Alek Manoah didn’t have a defined role in his first two seasons at West Virginia. After working mostly as a reliever and receiving an occasional start in his first two years, the 6-foot-6, 260-pound right-handed hurler will be West Virginia’s No. 1 starter this season.
Manoah has had mixed results, showing glimpses of his potential, in his first two years of college baseball. It wasn’t until last summer in the prestigious Cape Cod League that he had significant success as a starting pitcher.
His accomplishments over the summer have professional scouts buzzing entering this spring. He’s considered a potential first-round pick in June’s MLB draft, as MLB.com ranks him as the 38th-best prospect.
If he’s selected in the first round, Manoah would become West Virginia’s first first-rounder since 1997.
“There’s not much in my control with the draft,” said Manoah, who’s brother Erik plays in the Los Angeles Angels minor league system. “The only thing in my control is having a good season. You have to go through the draft meetings and the questioners but at the end of the day, I can’t get too ahead of myself.”
Manoah recorded a 3.07 ERA with 45 strikeouts, 33 walks allowed and 17 hit batters in 55 2/3 innings in 2017. He appeared in 19 games (10 starts) and figured to play a bigger role as a sophomore last season.
He struggled with his command and ability to mix in his secondary pitches at times last spring. It hindered his success on the mound, as he posted a 4.00 ERA with 60 strikeouts, 28 walks allowed and 15 hit batters in 54 innings. He started eight of the 23 games he appeared in.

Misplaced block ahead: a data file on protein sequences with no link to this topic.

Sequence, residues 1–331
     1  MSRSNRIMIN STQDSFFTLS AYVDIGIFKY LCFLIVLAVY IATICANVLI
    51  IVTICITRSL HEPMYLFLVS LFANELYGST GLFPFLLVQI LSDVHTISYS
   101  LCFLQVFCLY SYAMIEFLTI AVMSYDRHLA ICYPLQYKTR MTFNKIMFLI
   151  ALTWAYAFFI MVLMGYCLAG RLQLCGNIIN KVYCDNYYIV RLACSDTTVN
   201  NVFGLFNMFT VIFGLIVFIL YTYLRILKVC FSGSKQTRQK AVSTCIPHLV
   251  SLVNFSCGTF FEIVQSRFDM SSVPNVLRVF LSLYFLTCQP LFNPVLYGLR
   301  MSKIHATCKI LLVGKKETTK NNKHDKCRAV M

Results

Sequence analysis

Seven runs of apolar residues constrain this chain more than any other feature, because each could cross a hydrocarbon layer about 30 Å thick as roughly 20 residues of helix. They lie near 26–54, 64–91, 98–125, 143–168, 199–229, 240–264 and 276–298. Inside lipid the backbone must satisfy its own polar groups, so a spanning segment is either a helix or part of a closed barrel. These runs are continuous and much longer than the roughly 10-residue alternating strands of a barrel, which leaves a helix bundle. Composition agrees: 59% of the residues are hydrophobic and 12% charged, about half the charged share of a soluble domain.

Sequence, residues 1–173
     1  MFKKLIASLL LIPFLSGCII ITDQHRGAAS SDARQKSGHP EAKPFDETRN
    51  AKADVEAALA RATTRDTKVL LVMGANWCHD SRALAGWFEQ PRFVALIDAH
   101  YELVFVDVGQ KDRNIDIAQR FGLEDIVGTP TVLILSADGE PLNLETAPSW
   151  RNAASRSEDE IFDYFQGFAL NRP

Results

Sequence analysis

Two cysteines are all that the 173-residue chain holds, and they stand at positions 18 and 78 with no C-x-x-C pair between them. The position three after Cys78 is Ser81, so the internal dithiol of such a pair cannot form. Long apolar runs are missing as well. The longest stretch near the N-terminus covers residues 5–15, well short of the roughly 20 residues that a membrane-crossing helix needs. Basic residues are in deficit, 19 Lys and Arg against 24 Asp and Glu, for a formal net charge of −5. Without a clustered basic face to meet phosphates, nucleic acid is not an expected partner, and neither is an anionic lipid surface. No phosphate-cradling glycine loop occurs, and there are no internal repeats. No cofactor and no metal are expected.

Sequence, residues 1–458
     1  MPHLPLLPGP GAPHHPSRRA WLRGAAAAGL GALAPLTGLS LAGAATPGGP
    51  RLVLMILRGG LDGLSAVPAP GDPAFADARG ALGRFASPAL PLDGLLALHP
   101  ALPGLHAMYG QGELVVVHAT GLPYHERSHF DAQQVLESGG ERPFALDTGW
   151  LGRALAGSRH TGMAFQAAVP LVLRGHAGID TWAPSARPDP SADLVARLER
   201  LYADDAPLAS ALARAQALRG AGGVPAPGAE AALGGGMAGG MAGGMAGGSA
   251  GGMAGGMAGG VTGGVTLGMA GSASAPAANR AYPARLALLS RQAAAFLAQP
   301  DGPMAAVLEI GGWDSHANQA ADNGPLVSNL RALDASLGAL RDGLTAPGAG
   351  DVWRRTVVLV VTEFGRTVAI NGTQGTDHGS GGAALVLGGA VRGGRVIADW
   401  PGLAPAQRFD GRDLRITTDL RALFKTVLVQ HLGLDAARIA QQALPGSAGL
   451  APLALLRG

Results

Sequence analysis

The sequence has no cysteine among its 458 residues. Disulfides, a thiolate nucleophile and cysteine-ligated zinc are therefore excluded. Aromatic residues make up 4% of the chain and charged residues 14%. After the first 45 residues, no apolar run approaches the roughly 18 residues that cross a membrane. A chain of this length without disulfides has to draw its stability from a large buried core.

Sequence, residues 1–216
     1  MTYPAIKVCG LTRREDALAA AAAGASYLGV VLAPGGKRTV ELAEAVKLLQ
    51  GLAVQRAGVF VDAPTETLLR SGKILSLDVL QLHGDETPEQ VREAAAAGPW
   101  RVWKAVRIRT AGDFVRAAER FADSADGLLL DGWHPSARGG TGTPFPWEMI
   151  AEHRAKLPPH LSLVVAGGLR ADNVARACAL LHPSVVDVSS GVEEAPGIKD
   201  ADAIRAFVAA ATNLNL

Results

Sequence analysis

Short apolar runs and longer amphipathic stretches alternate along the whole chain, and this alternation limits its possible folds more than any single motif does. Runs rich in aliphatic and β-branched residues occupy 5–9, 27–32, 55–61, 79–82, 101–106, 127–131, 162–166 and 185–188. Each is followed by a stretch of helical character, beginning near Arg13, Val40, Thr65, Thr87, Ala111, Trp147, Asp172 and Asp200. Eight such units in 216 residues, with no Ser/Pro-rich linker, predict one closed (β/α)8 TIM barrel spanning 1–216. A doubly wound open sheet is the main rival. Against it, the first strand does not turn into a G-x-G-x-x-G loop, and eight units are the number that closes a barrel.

In the summer, Manoah made significant strides. He had confidence with his fastball and located it well, while throwing his evolving slider with consistency to keep hitters off balanced. It resulted in Manoah leading the Cape Cod League in strikeouts, as he started nine games and posted a 3.57 ERA with 68 strikeouts and 14 walks allowed in 45 1/3 innings.
Manoah’s repertoire consists of a fastball, slider and changeup. He throws from a three-quarter arm slot and his top offering is his fastball, which sits in the mid-90s and touches 98 mph. It’s his most reliable pitch, as he consistently throws it for strikes.
“The biggest strength in my game right now is my mentality and competitiveness,” Manoah said. “Every day I go out there, my teammates and coaches know that I am going to give it my all. I’m going to give 100 percent, and I’m going to compete as hard as I can, regardless of if I’m not feeling too great or my stuff isn’t on.”
Manoah hopes to show growth with his secondary pitches this spring. His top off-speed pitch is his slider, which he taught himself and continues to refine as it progresses towards being an above-average outpitch.
He read articles and watched videos of current major-league players to figure out an ideal grip for his slider. He combined Boston Red Sox left-hander Chris Sale’s slider and New York Yankees right-handed reliever Dellin Betances’ cutter into one pitch.
“I started to play with that grip,” he said. “I finally found a grip and release point that was really good for me. It’s worked really well with my arm angle.”
Although his top priority is West Virginia’s success, Manoah also hopes to take the next step in his development this spring.
“I just want to be a consistent starter in every game and everything time I go out there, while giving my team a chance to win,” Manoah said. “Hopefully I can be that guy that wins over 10 games this year. I feel like if I do that, I can be in the running for Big 12 Pitcher of the Year.”
(Photo of Alek Manoah via West Virgina athletics)
Dan Zielinski III has covered the MLB draft for four years. He’s interviewed 133 of the top draft prospects in that period, including three No. 1 overall picks. Multiple publications, including Baseball America, USA Today and The Arizona Republic, have quoted his work, while he’s appeared on radio stations as a “MLB draft expert.”